In my novel, “There Has Been A Sighting”, sightings of Satan are tracked and confronted. An antechamber to such an encounter occurs in the crypt of the St. Marien church, in Berlin.
Dorkas removes the keys from her pocket. “Which is worse, do you think. Keys keeping things out, or keys letting things in?”
“They each – ” begins Breeze.
“You may as well have the flashlight.” Dorkas interrupts her. “Until we get the damn door open.”
Breeze has to hurry to stay in step, and almost drops the flashlight in her haste. When they reach the door, Dorkas quickly inserts the key. It works with ease.
“Fortune smiles on my enterprise,” mutters Dorkas.
“I don’t understand.” The young woman is perplexed as she looks around. “I’m certain when I was here, the painting was on these walls.” She watches Dorkas put the other key into a second door. “We didn’t go anywhere else.”
“What did Agnes tell you?” Dorkas opens the door, and glares down a darkened flight of steps.
“I’m not supposed to say.”
“Mother Ursula certainly expects me to go down into the gloom.” Dorkas is harsh. “Otherwise, why am I here?”
“I don’t deny that’s the way it is now.” Breeze stands beside her, peering into the dark. “I just wonder if it is what we would find tomorrow.”
“I may as well take their kind illumination.”
“Agnes only had a candle.” Breeze gives her the flashlight.
“Agnes could not fear half the terror I feel.” Dorkas shines the light down the stairs. “She expected to come back.”
“I’ll be waiting.”
“If I’m not forever, then I won’t be long.”
As Dorkas descends, the stone walls absorb the light, pockmarking the surface with rough shadows. She pauses before entering the room, perturbed by the dimness. Her light had shone brightly minutes ago, but now its beam seems submerged in water.
She slaps the flashlight against her open palm.
“I’d do better with – ”
She stumbles on the bottom step, twisting her right foot as she is thrown against the wall.
The flashlight falls and rolls across the floor. She hears its metal casing scratch over the stones, and watches the beam of light spiral like a demented beacon, until it turns around to shine back into her face.
“I won’t stay if that goes out.”
Dorkas deliberately speaks aloud.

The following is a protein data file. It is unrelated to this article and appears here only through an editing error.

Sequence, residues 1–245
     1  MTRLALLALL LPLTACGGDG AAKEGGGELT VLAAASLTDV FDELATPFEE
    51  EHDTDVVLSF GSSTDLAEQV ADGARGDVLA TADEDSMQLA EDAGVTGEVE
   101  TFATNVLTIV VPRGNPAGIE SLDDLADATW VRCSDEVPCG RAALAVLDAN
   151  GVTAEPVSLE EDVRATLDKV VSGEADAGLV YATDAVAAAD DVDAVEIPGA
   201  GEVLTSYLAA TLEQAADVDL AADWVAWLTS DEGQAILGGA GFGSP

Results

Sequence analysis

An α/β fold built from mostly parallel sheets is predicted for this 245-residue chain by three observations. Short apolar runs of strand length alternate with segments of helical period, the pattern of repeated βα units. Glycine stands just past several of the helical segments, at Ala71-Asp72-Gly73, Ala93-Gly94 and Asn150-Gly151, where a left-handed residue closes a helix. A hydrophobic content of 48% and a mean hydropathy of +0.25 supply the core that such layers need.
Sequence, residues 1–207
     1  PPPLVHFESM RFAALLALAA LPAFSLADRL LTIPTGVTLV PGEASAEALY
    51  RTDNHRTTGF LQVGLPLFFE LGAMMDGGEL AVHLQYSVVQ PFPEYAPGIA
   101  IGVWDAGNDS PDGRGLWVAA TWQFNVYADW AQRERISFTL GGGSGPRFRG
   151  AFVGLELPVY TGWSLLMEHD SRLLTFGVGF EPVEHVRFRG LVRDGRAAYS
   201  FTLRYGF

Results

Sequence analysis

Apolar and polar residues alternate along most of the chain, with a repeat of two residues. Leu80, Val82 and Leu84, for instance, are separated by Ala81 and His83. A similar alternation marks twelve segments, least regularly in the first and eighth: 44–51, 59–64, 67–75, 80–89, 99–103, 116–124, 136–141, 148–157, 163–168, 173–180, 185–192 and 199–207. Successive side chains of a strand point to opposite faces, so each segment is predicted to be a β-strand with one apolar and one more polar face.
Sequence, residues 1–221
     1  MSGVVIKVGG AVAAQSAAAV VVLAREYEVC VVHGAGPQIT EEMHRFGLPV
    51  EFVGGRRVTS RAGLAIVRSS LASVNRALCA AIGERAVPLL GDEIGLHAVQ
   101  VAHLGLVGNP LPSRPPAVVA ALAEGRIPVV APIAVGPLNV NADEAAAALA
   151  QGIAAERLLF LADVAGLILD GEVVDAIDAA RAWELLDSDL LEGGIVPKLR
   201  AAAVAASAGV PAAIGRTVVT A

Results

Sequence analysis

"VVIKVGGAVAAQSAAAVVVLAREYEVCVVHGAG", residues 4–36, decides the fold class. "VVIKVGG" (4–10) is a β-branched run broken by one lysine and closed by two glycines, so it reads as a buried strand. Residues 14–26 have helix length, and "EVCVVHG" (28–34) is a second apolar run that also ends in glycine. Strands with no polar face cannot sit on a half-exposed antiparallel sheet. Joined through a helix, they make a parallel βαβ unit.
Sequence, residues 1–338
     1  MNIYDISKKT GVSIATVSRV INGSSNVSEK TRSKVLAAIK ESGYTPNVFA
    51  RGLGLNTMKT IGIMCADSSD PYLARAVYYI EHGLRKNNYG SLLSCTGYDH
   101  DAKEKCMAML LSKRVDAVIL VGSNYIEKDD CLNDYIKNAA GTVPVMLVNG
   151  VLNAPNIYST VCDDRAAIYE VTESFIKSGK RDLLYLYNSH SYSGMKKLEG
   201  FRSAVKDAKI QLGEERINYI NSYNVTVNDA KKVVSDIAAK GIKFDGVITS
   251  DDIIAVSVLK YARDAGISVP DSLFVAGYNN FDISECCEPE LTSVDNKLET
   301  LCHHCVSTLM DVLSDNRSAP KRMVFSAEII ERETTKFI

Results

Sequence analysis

“Whether I’m in Berlin for a night or a year.”
She tests her foot and finds her ankle is slightly injured. “If I break my leg, what will they do? Leave me down here?” She bends over to get the flashlight.
“A permanent fixture.”
As she takes the light, she points it away from herself.
The feet are bare, and dirty, and raising dust as they dance. A cloud of dust rises up their emaciated legs to their knees. Although Dorkas is in a crouched position, she jerks away from the figures, and sprawls on her back.
She starts to cough in the dust, and the ragged, whirling band begins to encircle her. The light gripped in her hand strays across their bodies, and catches the glint of bleached, protruding teeth as they grin down at her.
“A tomb.” Dorkas shouts.
She can not count the number of hands reaching toward her, their flesh mottled from the iridescence of putrefaction. The frayed cuffs of their funeral finery trail strands of unravelling cloth, and she cringes from the touch.
“You want me with you?” Dorkas struggles to her knees. “To end on your wall?”
Bejewelled rings and bracelets rattle against bony fingers and wrists. The sound fills her ears as the hands, extending to grab her, are jostled by the tempo of the dance. They can not stop their own feet, and they can not stop their partners who hurry them ever on.
“I won’t.” Dorkas holds the light in both hands. “Alive or dead.”
Der Totentanz becomes smaller as the figures tighten the circle around Dorkas. A whiff of their decay permeates the dust, and she turns her head, coughing even more. But she can’t avoid their movement, their grasping hands, their stench. Victory is etched upon their faces.